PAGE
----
Bankruptcy Doesn’t Equal Death
By DON BOUDREAUX
Chairman of the George Mason University department of economics.
The spectacle of corporate magnates from Detroit pleading to be on Uncle Sam’s dole is a sordid one. So why aren’t more Americans appalled? One reason is widespread misunderstanding — much of it sowed by these auto makers — about the size of their firms. The Big Three, we are told, are “too big to be allowed to fail.”
This myth begins with the idea that GM, Ford and Chrysler are so huge that if they go belly-up, the livelihoods of a disproportionately large number of workers and suppliers would be affected. At once, the market for their services and products would close. Therefore, the argument concludes, government must prevent any such failures.
Bankruptcy doesn’t make assets — such as factories, machines, contractual options to buy raw materials, workers’ skills — disappear. If markets still exist for products produced by these firms, Chapter 11 is the best way to discover this. Some workers might lose their jobs and some suppliers might lose their markets, but there would be no industry-wide collapse of the sort portrayed by the bailout’s cheerleaders.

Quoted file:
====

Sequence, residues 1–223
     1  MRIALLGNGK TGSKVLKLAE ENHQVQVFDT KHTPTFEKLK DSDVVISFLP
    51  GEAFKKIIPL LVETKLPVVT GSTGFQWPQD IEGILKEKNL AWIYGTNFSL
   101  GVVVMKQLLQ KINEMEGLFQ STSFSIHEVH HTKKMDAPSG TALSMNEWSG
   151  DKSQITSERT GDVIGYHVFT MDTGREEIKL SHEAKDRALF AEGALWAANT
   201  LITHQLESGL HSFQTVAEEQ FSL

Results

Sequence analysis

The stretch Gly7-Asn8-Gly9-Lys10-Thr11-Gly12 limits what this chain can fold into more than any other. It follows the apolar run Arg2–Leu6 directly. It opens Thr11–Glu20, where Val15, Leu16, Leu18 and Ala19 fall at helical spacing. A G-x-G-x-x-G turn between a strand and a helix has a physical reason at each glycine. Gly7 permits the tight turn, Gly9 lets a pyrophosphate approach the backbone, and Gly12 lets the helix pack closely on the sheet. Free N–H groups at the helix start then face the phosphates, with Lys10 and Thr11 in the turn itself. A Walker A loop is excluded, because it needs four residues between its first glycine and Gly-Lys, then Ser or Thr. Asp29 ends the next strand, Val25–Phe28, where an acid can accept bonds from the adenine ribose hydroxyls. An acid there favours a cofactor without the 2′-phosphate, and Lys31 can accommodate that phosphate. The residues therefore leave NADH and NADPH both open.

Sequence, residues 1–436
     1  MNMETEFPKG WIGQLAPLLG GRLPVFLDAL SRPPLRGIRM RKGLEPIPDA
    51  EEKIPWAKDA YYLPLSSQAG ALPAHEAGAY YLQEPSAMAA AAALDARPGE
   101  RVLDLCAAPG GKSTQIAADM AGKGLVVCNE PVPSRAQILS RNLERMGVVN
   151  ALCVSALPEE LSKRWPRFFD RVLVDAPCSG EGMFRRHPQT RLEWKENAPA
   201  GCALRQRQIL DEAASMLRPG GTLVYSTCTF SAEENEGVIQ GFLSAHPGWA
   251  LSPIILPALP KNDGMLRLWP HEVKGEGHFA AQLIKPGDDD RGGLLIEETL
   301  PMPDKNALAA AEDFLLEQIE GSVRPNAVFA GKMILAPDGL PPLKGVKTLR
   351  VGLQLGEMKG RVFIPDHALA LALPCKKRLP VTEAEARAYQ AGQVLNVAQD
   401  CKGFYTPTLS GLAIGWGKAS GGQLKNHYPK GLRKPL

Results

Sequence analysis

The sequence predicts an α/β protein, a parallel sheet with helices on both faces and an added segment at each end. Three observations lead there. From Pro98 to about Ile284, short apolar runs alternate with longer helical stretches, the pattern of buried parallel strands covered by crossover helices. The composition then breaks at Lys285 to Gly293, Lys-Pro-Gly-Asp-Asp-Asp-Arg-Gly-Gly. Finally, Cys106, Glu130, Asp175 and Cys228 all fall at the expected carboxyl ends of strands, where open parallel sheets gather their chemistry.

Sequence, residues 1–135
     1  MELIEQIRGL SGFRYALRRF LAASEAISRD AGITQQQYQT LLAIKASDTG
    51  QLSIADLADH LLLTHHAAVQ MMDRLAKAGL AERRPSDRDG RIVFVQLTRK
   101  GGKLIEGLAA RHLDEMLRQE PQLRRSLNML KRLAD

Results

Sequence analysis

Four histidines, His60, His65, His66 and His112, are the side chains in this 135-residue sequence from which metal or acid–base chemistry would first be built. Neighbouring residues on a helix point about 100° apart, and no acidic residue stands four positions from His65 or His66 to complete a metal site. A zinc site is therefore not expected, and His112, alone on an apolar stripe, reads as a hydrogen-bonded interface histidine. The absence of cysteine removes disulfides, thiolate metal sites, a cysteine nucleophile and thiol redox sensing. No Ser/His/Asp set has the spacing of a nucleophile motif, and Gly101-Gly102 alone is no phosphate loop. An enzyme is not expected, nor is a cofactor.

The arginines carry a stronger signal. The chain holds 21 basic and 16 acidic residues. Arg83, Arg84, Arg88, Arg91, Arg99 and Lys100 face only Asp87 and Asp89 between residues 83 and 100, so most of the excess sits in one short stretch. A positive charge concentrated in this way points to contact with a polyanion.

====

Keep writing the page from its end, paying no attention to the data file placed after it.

But what if refusal to bail out these firms results in their complete failure? Even then — especially then — the case for a bailout crashes. Really big firms such as GM, Ford and Chrysler are really big users of productive inputs, like rubber and steel. Almost all of these inputs have alternative uses and could be used by other firms or in other industries.
Read The Rest. Really worth it.